6. Culture: How do we change the culture of our church?
  7. Services: How do we match what we say is important and what we really do?

The strength of the book is that it gives practical solutions to the difficult challenges of church growth. In that sense, it is a helpful volume. The weakness of the book is that it lays all the emphasis on human effort and tends to leave God out of the equation. While he stresses that success is not determined by numbers and size, he implies that if your church is not growing, then the pastor is failing. Since much of the examples in the book are of the author coaching another pastor through these questions, it tends to be a promotion of the author’s consulting service.

Disclosure: I received this book free from Baker Books through the Baker Books Bloggers program. The opinions I have expressed are my own, and I was not required to write a positive review.

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Posted by on May 31, 2017 in Books, Church, Quotes


Handling Criticism – Lessons from Jesus

Last night, First Central Bible Church in Chicopee, MA, held a joint meeting of our elders, deacons, and deaconesses. We meet together 3-4 times a year to touch base on shepherding issues. Towards the end of the meeting, I distributed two handouts on the subject of handling criticism. I explained that as we touch base with people, we may hear criticism and/or complaints about an individual, ministry, or other concern. I wanted to guide the folks in how to respond biblically.

One handout was “Handling Criticism: Lessons from Nehemiah.” (It was posted on my blog on May 5, 2016.) Rather than read the entire handout, I said the short version was that sometimes Nehemiah responded to criticism and sometimes he ignored it. Not every need is a mandate. Sometimes a need or a criticism is a distraction to ignore. We need discernment to know which ones to address and which ones to ignore.

The second handout was “Handling Criticism: Lessons from Jesus.”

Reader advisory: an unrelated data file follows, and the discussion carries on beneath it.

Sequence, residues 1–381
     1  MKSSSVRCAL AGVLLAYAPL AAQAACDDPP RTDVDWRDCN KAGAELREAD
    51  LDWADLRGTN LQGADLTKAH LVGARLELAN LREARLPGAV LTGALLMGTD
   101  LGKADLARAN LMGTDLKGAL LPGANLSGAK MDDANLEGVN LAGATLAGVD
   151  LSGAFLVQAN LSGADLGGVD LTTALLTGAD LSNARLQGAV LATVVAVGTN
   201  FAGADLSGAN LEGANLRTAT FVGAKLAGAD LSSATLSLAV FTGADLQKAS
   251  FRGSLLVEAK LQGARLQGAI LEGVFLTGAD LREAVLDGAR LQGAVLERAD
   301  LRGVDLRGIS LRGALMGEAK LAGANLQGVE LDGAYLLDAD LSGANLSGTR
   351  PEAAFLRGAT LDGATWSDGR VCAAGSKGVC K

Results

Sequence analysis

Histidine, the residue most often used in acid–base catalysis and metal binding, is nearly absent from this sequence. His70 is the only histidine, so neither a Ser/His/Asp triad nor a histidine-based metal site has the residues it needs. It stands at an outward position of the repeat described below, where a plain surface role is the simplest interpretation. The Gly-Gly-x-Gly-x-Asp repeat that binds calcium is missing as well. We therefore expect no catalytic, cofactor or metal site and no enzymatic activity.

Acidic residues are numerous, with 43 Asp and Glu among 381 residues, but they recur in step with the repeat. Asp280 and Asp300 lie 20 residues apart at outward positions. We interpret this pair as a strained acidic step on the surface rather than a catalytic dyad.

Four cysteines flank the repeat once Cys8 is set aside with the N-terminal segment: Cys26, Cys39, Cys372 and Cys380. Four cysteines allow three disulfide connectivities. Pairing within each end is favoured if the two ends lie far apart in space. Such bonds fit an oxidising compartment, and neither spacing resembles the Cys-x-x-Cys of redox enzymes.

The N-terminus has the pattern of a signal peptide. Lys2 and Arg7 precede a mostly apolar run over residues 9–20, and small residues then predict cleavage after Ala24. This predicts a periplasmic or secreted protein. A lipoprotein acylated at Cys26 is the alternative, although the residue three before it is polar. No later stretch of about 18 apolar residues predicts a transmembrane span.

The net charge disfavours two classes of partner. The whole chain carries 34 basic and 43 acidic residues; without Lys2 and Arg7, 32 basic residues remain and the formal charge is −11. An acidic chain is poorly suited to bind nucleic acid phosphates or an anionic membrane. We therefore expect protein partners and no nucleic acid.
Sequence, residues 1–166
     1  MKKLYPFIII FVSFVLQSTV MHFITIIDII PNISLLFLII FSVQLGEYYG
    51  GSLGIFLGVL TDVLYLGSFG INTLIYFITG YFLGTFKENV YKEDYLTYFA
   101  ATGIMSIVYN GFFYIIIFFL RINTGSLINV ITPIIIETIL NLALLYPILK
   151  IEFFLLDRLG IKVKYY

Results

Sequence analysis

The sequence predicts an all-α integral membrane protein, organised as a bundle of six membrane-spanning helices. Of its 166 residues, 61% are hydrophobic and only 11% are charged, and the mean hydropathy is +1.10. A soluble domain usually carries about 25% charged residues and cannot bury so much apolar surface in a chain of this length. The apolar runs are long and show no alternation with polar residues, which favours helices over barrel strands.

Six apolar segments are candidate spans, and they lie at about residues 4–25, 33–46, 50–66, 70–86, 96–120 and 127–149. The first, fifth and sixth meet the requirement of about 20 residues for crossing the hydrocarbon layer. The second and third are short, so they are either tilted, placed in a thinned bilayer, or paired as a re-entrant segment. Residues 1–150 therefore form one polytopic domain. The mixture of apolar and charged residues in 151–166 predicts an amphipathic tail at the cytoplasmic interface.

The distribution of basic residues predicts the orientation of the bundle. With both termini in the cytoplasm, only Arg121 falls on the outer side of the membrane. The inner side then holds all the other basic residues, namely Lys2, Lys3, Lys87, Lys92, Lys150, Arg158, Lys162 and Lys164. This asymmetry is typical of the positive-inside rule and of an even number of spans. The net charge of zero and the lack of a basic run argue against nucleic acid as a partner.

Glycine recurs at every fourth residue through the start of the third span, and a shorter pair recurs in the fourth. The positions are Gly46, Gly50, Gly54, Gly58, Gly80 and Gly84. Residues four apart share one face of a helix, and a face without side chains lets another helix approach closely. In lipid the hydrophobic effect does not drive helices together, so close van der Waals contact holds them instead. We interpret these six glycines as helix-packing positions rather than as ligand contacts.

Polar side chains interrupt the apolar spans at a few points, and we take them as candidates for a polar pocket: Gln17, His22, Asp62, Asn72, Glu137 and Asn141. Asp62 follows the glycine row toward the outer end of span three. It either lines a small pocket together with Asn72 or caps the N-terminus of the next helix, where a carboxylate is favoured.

Handling Criticism: Lessons from Jesus

When someone wants to complain to you about a person, ministry, etc., follow the guidelines Jesus gave in Matthew 18:15-20.

15 “If your brother sins against you, go and tell him his fault, between you and him alone. If he listens to you, you have gained your brother. 16 But if he does not listen, take one or two others along with you, that every charge may be established by the evidence of two or three witnesses. 17 If he refuses to listen to them, tell it to the church. And if he refuses to listen even to the church, let him be to you as a Gentile and a tax collector. 18 Truly, I say to you, whatever you bind on earth shall be bound in heaven, and whatever you loose on earth shall be loosed in heaven. 19 Again I say to you, if two of you agree on earth about anything they ask, it will be done for them by my Father in heaven. 20 For where two or three are gathered in my name, there am I among them.”

Ask the person, “Have you talked to _______ ?” (the person who offended them; the person in charge of the ministry they are concerned about, etc.)

If they say, “No,” then graciously stop the person and tell them to practice Mathew 18:15. Graciously tell them to stop gossiping, complaining, and/or venting to someone else.

If they say, “Yes, but the person didn’t listen,” then you can listen to their concern. Afterwards, go with the person to help them seek reconciliation and/or resolution, the second step in Matthew 18:16.

Remember that your role is not to serve as the complaint department or the problem solvers of the church.


As leaders in the church, I wanted our team to understand that criticism comes with the territory. I shared that every time our church has started to move forward, we’ve been attacked. I’ve been criticized more in the past year than I have in many previous years. Part is due to my position and part to what we’ve been trying to do as a church. When criticism comes, and it will, I want us to respond in a biblical, godly manner.